Prisoners?

Corrections: Apologies to Major Stephen Caton as I had misspelt his name in my original post, likely due to lack of sleep and the short time frame for posting this article.

When commenting on the popular online blog LimeyinBermuda.com, Major Stephen Caton, the public relations officer for the Bermuda Regiment can be quoted as suggesting “having presented to all of the Recruits … I can assure you … that none see themselves prisoners.”

When looking up the definition of the word prisoner in the Random House Unabridged Dictionary, which is defined as “a person who is confined in prison or kept in custody, especially as the result of legal process. “, where custody is defined in the American Heritage Dictionary as “The state of being detained or held under guard”, could any individual presently in the regiment feel restricted via similar means?

Are our youth being subjected to treatment likened to that which they consider themselves prisoners? At least one can guarantee that Major Caton is wrong, as this writer is one who sees himself as a prisoner as he presently serves his time in this years 2007 recruit camp.

Being required by law to join regiment is little different from being imprisoned or enslaved. As defined by the Random House Unabridged Dictionary, a slave is “a person entirely under the domination of some influence or person”. While attending recruit camp, are recruits not placed under the custody of their superiors and kept under guard unable to leave or resign by their own will?

Does refusal to follow the influence of those superiors not result in punishments of up to 28 days in regimental lockup for each offense, potentially jeopardizing external life and forcing an individual to sacrifice their career? Do attempts to leave or not appear as required result in punishment legally bound through the Defense Act of 1965 which could result in a prison sentence and criminal record that could effectively disable an individual from attaining employment or traveling for the rest of their lifetime?

What of the fear propaganda where recruits are constantly reminded that if they don’t follow orders they shall be locked up? Like how Corporals who run each barracks read out months old articles describing the prison sentences received for those who chose to not fulfill their legally bound requirement. Along with posting them as a reminder that those who step out of line will be punished. Is this not an example of a person who is confined as a result of legal process?

What of the 18 hour days during recruit camp? Where individuals are forced to constantly run and perform tasks as demanded by their superiors. Are they not forced to ask permission to eat, sleep, attend the bathroom? Are they not confined to their rooms after lights out and forced to pee in a bag should they need to urinate between the hours of 11pm and 5:30am? Sleep often falling shy of these hours due to extra duties that will result in further punishment?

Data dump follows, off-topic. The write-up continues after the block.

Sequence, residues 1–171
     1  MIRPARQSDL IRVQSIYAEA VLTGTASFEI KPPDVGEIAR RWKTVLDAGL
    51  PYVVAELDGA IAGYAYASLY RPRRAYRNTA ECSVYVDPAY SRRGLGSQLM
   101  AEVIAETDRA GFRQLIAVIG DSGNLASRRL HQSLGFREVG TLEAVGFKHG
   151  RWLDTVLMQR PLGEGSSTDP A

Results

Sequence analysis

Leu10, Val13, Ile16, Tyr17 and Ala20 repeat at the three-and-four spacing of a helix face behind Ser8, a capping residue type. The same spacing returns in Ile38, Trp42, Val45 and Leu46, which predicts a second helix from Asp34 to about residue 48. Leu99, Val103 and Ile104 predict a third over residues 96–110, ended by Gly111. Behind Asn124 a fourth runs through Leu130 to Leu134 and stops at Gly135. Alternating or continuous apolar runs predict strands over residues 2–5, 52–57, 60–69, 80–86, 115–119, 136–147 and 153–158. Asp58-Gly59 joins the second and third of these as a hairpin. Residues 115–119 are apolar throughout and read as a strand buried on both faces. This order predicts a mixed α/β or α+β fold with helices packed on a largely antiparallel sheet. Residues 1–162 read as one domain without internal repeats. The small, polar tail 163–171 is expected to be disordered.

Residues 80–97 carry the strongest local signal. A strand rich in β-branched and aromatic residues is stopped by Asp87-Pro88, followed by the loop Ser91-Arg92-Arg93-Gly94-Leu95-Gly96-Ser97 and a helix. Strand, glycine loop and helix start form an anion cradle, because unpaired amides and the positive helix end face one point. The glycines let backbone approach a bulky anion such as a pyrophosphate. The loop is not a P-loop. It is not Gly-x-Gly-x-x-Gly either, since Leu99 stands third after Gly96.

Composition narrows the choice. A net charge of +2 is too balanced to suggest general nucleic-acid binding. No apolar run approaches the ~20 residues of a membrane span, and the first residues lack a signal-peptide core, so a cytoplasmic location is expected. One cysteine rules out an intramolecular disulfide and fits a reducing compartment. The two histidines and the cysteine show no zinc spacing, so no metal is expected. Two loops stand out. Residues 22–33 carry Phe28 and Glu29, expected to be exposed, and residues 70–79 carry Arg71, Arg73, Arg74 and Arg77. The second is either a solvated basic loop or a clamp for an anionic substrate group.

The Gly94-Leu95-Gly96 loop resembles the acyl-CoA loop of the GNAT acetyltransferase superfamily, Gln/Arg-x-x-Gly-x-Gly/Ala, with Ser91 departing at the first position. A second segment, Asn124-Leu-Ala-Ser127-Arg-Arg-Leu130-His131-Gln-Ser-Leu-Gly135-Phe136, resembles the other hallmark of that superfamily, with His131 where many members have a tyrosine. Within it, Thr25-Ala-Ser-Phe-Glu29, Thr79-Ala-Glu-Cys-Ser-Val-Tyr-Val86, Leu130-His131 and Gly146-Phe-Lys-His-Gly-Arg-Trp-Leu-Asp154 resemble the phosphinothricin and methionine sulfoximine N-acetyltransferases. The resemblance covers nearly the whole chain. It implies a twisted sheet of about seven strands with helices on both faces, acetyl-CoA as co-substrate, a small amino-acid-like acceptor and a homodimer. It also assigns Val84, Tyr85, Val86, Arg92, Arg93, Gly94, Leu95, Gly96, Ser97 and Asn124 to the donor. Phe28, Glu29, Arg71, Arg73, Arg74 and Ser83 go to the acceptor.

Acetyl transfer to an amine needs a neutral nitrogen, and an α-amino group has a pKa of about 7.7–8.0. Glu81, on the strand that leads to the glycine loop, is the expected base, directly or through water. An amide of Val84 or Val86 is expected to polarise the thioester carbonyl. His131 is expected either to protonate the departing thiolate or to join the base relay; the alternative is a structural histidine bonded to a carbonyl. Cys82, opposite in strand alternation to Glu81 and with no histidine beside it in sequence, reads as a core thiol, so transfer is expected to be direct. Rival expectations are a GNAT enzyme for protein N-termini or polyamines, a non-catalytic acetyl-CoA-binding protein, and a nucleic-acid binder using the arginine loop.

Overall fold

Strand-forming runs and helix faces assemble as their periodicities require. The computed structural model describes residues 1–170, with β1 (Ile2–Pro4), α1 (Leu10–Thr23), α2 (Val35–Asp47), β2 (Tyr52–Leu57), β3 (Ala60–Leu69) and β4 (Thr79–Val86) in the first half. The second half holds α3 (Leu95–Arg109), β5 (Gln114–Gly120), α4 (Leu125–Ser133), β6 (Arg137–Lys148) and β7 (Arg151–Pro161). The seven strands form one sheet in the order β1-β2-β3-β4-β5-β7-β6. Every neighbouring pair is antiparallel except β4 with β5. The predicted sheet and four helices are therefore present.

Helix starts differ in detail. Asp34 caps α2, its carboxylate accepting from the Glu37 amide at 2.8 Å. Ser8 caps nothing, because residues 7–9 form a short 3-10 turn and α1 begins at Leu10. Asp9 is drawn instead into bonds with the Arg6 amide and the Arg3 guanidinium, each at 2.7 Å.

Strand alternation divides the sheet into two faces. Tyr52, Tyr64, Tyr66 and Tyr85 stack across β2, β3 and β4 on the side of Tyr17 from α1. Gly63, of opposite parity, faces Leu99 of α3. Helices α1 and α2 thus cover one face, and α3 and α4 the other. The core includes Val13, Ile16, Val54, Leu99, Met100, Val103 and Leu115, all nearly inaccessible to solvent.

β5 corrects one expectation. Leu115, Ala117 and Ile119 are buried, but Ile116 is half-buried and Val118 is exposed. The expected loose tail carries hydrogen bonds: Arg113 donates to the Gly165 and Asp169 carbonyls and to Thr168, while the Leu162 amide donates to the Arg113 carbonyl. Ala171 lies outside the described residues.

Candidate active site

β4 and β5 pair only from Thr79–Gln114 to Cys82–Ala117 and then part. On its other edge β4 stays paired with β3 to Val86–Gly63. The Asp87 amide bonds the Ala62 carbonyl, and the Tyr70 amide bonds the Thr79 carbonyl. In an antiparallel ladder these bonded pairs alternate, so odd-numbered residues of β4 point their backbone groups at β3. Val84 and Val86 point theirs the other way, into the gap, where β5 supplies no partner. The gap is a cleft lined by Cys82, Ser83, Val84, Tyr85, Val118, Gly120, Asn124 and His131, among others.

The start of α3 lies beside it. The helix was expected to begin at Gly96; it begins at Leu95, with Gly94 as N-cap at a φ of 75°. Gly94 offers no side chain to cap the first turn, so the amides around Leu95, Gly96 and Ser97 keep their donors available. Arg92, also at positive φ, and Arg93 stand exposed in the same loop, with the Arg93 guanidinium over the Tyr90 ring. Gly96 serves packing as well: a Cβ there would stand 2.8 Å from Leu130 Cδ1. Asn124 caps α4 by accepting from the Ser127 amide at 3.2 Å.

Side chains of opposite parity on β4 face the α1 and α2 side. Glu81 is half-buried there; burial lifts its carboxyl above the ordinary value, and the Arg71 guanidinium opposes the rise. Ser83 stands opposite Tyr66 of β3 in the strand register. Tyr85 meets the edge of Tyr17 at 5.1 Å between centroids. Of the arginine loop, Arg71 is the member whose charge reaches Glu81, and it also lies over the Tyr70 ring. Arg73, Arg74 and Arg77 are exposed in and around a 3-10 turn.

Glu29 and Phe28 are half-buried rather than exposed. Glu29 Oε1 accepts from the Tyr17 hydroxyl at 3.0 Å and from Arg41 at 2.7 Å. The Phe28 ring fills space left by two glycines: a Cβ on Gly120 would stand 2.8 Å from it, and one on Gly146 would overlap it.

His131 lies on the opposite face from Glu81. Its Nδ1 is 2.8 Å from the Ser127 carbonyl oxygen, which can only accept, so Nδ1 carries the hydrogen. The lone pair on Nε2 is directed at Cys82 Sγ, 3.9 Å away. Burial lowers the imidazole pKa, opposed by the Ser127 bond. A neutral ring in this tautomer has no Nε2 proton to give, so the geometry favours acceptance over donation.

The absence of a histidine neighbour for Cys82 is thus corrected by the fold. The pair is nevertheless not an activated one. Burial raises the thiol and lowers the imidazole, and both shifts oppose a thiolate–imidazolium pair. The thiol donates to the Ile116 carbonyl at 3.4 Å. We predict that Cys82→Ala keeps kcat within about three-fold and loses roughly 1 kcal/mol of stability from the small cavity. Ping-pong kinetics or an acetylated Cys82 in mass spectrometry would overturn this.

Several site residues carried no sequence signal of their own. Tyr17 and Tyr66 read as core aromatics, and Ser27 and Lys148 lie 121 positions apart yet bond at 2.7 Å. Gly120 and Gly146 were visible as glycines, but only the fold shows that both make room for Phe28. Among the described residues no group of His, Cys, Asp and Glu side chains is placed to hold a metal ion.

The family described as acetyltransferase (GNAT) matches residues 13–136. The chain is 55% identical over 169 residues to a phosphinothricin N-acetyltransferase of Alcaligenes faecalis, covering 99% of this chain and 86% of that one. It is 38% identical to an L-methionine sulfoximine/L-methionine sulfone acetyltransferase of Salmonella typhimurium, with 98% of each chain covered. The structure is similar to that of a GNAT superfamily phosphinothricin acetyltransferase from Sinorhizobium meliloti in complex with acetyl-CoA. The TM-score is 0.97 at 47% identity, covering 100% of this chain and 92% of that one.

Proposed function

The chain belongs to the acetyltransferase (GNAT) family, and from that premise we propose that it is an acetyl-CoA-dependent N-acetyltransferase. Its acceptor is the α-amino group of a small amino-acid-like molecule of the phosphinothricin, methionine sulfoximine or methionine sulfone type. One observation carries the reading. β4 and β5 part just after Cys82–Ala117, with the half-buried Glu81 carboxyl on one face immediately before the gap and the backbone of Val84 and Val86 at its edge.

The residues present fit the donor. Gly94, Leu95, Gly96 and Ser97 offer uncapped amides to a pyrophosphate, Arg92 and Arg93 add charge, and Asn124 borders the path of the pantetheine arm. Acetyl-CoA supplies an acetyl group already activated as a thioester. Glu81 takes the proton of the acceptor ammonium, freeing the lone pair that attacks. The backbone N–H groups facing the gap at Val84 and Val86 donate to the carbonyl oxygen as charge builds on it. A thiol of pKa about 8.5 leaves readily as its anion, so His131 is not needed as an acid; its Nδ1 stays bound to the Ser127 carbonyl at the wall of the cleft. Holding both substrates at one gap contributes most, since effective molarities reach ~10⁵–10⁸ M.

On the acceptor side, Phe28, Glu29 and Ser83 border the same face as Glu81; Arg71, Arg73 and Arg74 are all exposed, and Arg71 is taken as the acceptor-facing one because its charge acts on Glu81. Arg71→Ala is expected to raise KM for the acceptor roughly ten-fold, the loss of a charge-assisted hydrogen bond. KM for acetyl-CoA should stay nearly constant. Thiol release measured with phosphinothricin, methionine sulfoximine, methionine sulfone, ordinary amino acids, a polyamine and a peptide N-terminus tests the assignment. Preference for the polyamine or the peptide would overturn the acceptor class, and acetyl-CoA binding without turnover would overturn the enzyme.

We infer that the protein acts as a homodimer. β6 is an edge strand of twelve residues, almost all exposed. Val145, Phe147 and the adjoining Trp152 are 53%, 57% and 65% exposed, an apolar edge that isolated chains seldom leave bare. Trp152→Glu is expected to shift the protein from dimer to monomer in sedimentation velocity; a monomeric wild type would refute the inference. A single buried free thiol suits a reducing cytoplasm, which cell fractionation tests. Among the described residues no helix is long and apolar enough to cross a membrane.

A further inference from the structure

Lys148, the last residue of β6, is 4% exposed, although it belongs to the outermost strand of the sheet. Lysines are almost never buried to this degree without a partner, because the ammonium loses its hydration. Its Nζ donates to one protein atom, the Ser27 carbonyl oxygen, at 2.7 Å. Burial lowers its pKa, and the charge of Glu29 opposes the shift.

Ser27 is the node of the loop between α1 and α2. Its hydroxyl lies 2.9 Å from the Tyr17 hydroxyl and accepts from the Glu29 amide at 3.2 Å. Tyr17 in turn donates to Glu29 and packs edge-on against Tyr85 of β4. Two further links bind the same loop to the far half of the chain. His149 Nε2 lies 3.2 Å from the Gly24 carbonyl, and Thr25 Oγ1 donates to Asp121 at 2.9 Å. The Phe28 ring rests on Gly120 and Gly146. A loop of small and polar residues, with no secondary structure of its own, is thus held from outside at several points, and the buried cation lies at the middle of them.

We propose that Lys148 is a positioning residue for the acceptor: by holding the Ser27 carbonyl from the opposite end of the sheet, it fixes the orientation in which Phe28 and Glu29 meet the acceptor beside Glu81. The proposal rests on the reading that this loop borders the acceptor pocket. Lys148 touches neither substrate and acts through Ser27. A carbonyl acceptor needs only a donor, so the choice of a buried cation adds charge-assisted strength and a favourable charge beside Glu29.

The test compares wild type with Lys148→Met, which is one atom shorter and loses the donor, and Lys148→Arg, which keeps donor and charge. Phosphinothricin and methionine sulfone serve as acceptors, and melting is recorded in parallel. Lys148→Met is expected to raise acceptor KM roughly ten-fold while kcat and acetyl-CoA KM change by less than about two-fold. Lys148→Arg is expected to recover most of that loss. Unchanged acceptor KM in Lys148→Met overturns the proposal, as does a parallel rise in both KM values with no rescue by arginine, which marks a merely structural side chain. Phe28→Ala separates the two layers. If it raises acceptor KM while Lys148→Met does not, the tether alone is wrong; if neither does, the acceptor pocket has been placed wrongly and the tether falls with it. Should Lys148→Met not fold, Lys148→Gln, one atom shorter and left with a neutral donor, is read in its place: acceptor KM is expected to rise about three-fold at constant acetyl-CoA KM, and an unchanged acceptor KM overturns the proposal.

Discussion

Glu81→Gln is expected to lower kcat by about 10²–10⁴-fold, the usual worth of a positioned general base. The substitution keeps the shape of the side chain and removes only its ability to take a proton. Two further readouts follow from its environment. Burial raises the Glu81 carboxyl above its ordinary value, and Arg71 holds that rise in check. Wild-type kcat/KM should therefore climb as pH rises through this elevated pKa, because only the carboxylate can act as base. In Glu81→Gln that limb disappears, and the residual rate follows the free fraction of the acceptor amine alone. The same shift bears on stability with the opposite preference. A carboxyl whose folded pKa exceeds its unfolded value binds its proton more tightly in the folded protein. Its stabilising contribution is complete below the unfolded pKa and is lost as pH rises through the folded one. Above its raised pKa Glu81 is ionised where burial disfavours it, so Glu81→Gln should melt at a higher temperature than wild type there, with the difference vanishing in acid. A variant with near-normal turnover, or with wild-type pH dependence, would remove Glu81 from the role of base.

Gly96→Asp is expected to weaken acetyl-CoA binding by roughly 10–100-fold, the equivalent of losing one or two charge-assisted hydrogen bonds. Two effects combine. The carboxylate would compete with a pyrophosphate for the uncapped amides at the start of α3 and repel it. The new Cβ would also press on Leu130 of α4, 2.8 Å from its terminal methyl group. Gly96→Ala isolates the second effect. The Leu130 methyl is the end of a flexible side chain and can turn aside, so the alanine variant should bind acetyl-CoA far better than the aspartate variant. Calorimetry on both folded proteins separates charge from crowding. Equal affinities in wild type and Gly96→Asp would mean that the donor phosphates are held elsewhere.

Could 18 hour days at a rate of less then $4.00 an hour, which is less then the minimum wage of most developed nations not be likened to slave wages? Especially when Bermuda has now been defined as the richest country in the world based upon GDP per capita? Why should individuals be forced to give up weeks of good wages in exchange for meager ones in the face of Bermuda’s continually rising cost of living?

Why is discrimination acceptable on the basis of age and sex not just in the process of drafting individuals, but also in the regiment itself? Is it not true that women can have braided designs in their hair while men are forced to maintain a 1/4 inch length and are absolutely restricted from having any form of design or pattern in their hair?

How can turning a blind eye to the policy of a random draft be any different then when white people turned a blind eye to slavery in our past? Is the excuse of “it’s a tradition, it has been done for years” a reasonable one? Was it for slavery? Is the excuse of “we won’t have enough men to fill our ranks” no different then the argument of “we won’t have enough blacks to fill our plantation”? The plantations moved on to find other more reasonable means of filling their ranks, why can’t the regiment?

Do you hold the attitude that “it’s not happening to me so why should I worry”? In that case, what makes you any different then those complacent whites who stood back in the days of slavery and segregation to allow it to happen simply because they were not the targets of injustice?

Is Major Caton correct when he suggests that no recruits see themselves as prisoners? Perhaps. The very consideration may rest on the definition of the word. One thing is clear. Freedom, at least for now, is limited to those who rest outside the gates of Warwick camp.

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6 thoughts on “Prisoners?

  1. Nice piece Denis, but you might want to be a little more careful relaying the details(although in fairness, you’ve probably done a better job than we’d expect from the RG). The guy’s name is CATON not Canton as has been pointed out before. If it was me you were referring to in your piece I am NOT doing my time in recruit camp this year although I did do it not too long ago at all and susequently completed my full sentence as of even less long ago.

  2. Denis,